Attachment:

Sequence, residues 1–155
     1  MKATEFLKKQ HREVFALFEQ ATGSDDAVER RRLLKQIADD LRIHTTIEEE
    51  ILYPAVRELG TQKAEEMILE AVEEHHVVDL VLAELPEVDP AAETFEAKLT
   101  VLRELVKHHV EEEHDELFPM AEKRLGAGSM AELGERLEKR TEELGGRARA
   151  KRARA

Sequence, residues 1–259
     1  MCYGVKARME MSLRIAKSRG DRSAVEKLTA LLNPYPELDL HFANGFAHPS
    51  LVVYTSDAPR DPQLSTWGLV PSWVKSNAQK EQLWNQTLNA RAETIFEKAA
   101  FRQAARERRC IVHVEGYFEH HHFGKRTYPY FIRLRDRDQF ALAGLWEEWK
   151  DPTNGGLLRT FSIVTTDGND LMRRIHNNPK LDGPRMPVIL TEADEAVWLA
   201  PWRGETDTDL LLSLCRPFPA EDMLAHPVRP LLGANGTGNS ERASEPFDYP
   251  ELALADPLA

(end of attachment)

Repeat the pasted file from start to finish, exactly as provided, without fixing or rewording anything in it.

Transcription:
Sequence, residues 1–155
     1  MKATEFLKKQ HREVFALFEQ ATGSDDAVER RRLLKQIADD LRIHTTIEEE
    51  ILYPAVRELG TQKAEEMILE AVEEHHVVDL VLAELPEVDP AAETFEAKLT
   101  VLRELVKHHV EEEHDELFPM AEKRLGAGSM AELGERLEKR TEELGGRARA
   151  KRARA

Sequence, residues 1–259
     1  MCYGVKARME MSLRIAKSRG DRSAVEKLTA LLNPYPELDL HFANGFAHPS
    51  LVVYTSDAPR DPQLSTWGLV PSWVKSNAQK EQLWNQTLNA RAETIFEKAA
   101  FRQAARERRC IVHVEGYFEH HHFGKRTYPY FIRLRDRDQF ALAGLWEEWK
   151  DPTNGGLLRT FSIVTTDGND LMRRIHNNPK LDGPRMPVIL TEADEAVWLA
   201  PWRGETDTDL LLSLCRPFPA EDMLAHPVRP LLGANGTGNS ERASEPFDYP
   251  ELALADPLA